Corrugated City

Wednesday 26 December 2007

Lots more Art Nouveau in Valparaiso including El Palacio Barburizza

A couple of weeks ago i posted about Art Nouveau in Valparaiso and mentioned that there's not a great deal of it here...well looking through my photo archives, i noticed a few more buildings i had taken pictures of... I'm not much of an expert on Art Nouveau (i just really like the more outrageous examples) so there's probably more here than i realise (as Santiago kindly pointed out in the last post, even reminding me that the monster Palacio Barburizza is a pretty prominent example). In fact, after studying my book on Art Nouveau in Buenos Aires, i might have been completely wrong altogether-most of Valparaiso's downtown architecture was built after the 1906 earthquake, right in the era of the Art Nouveau boom in South America. It may not all be the most ornate Art Nouveau but i reckon almost all of downtown Valparaiso shows at least signs of the style. So i was wrong. Remember this post because i don't admit to that very often :) Maybe Señor Art Nouveau can let me know if i'm on the right track...

Anyway, enjoy the photos. Some of them you'll have seen before if you're a long term reader of this blog.

Down on Avenida Pedro Montt

Plaza Bellavista

Naval Hospital up in Playa Ancha

Just around the corner from me on Cerro Concepcion

The fountain in Plaza Victoria

Police HQ on Avenida Brasil

The Stock Exchange

El Mercurio looks a good bet...

One of Harrington's

The ironworks on another of Harrington's

And now on to the spectacularly odd Palacio Barburizza, built in 1916 and bought by Pascual Bariburriza, a nitrate magnate, in 1925. it was built by two Italian architects, Barison y Schiavon, who also designed and built the Santiago Severin Library in Plaza Victoria. The local council bought in the early 1970s to house the fine arts museum. That closed in 1997 and the muppet council has, year in year out, promised to fund the renovations required in the interior of the property in order to re-open the museum. That is now further from reality than ever, given that the entire property is riddled with termites (according to the guy who fumigated our house and the caretaker, with whom i've chatted a few times). In the next big earthquake, there's a good chance it'll fall down. My view is that the property should be donated to a private company or individual with the specific terms that the new owner must restore and improve the property. It could then be run as a pretty spectacular hotel or museum. At least it'd be standing in 20 years time.


Anonymous said...

wow! The Barburizza roof has been painted (?) blue - I thought Google Earth had gone nuts on me! Barburriza was 'closed for repairs' when I went there 9 years ago! So I guess I'm just going to have to miss out on seeing the interior yet again...first the Teatro Colon - now this! :)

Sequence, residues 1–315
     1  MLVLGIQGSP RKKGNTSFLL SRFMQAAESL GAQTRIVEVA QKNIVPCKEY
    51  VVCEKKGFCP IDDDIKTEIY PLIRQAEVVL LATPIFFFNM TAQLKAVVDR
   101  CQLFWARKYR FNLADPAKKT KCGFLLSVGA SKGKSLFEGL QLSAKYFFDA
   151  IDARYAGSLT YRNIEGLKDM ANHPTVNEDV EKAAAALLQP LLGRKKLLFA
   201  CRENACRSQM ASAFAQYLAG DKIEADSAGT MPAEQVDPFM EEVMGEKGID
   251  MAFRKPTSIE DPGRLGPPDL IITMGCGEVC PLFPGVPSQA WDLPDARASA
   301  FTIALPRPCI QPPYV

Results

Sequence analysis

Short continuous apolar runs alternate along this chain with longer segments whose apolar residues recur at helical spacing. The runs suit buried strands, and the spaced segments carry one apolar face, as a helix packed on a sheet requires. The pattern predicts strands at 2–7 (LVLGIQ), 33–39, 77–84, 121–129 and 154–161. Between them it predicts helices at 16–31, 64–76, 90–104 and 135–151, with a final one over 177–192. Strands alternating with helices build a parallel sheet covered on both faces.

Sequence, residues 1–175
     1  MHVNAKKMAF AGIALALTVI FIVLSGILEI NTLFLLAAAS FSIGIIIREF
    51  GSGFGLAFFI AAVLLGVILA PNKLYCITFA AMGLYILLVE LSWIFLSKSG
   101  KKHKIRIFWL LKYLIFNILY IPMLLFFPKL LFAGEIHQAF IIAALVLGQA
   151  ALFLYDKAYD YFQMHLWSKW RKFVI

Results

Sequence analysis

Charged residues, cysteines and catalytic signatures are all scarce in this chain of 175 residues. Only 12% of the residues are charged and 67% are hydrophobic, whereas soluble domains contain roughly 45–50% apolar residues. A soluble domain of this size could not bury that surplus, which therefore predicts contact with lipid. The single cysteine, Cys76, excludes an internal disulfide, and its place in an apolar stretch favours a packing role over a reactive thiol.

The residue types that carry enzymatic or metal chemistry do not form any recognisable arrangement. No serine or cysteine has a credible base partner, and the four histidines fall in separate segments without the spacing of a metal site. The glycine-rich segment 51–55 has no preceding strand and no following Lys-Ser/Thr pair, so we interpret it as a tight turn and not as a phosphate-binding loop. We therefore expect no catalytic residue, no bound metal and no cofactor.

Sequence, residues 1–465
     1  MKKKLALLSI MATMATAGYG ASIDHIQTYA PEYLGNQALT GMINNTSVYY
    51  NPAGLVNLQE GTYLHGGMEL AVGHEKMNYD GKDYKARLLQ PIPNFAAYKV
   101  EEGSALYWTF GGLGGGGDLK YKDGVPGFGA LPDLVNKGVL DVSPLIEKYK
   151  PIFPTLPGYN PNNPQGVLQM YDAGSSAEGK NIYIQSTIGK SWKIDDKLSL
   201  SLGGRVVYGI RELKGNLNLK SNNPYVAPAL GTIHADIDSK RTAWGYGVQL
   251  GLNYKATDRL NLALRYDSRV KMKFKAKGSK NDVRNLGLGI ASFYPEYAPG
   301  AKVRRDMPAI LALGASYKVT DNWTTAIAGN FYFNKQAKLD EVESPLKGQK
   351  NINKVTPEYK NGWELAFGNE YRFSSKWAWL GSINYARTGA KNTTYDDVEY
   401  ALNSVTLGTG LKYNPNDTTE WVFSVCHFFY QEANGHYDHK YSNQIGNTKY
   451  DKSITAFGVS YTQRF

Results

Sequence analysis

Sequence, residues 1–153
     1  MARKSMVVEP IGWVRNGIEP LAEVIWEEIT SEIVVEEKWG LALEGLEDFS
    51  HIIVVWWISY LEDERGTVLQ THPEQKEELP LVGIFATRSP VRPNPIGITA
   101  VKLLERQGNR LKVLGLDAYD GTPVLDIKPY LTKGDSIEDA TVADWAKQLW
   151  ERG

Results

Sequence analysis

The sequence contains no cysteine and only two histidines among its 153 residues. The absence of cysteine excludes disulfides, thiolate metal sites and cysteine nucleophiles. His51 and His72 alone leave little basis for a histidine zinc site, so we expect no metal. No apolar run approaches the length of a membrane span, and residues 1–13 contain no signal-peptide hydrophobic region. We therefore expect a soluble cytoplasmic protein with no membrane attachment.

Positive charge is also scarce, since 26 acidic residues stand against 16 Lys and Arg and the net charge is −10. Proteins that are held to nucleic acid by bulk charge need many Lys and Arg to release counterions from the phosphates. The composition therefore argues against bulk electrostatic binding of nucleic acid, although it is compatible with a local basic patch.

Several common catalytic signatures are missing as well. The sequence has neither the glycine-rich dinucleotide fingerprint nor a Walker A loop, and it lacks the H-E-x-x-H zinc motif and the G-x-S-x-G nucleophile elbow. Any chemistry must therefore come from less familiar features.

I was reviewing some old happy snaps I took on my last visit to Chile after reading your original Art Nouveau entry because I specifically remembered taking some photos of a wonderful Art Nouveau building one block to the north of the Palacio Lyon on the same side of the road of which the name escapes me - is it Condell? some really ornate 'nudie' mouldings in the plaster work - fabulous!

...I might be wrong but I think the Bolsa de Comercio and the El Mercurio buildings might be Victorian...


Matt said...

maybe it's your computer screen...the roof is a green...kind of turquoisey green but definitely not blue...!

I'll check out the building you mention next time i'm in the area... i think i know the one you mean.

The Mercurio and stock exchange...not sure...they look really similar to some art nouveau buildings in BA...

Anonymous said...

Hey Matt - So now I'm Mr. Art Nouveau? That will look great on my CV.

Basically you're about half & half with the photos you posted. I don't know about Chile specifically but AN was in Argentina from about 1900 to 1920, later than the rest of the world. Probably the same in Chile. Lots of bldgs were built then that weren't full-on Art Nouveau but did incorporate elements of AN design. Just look for organic shapes, elements of nature, busty naked statues of women & the like.

So the Naval Hospital would be Neoclassical, police HQ is a Beaux Arts-Italianate mix (much of what's in BA is this), the Bolsa is definitely Beaux Arts, & El Mercurio is an odd mishmash of all that. You certainly wouldn't call it an AN building though.

Anyhoo... I can send you some sloppy text I wrote as an intro to my own AN BsAs book. Just needs a little work & a publisher :)

Matt said...

Hey thanks robert...i think i'll just go back to calling the buildings 'pretty'...much more chance of getting it right... :)

Anonymous said...


I'm primary colours sort of guy (turqouise, cyan, magenta or mauve don't register with me!)....and it goes to show that I have a limited knowledge of architectural styles as well so I too will revert to my two favorite catergories: 'pretty building' and 'ugly building'...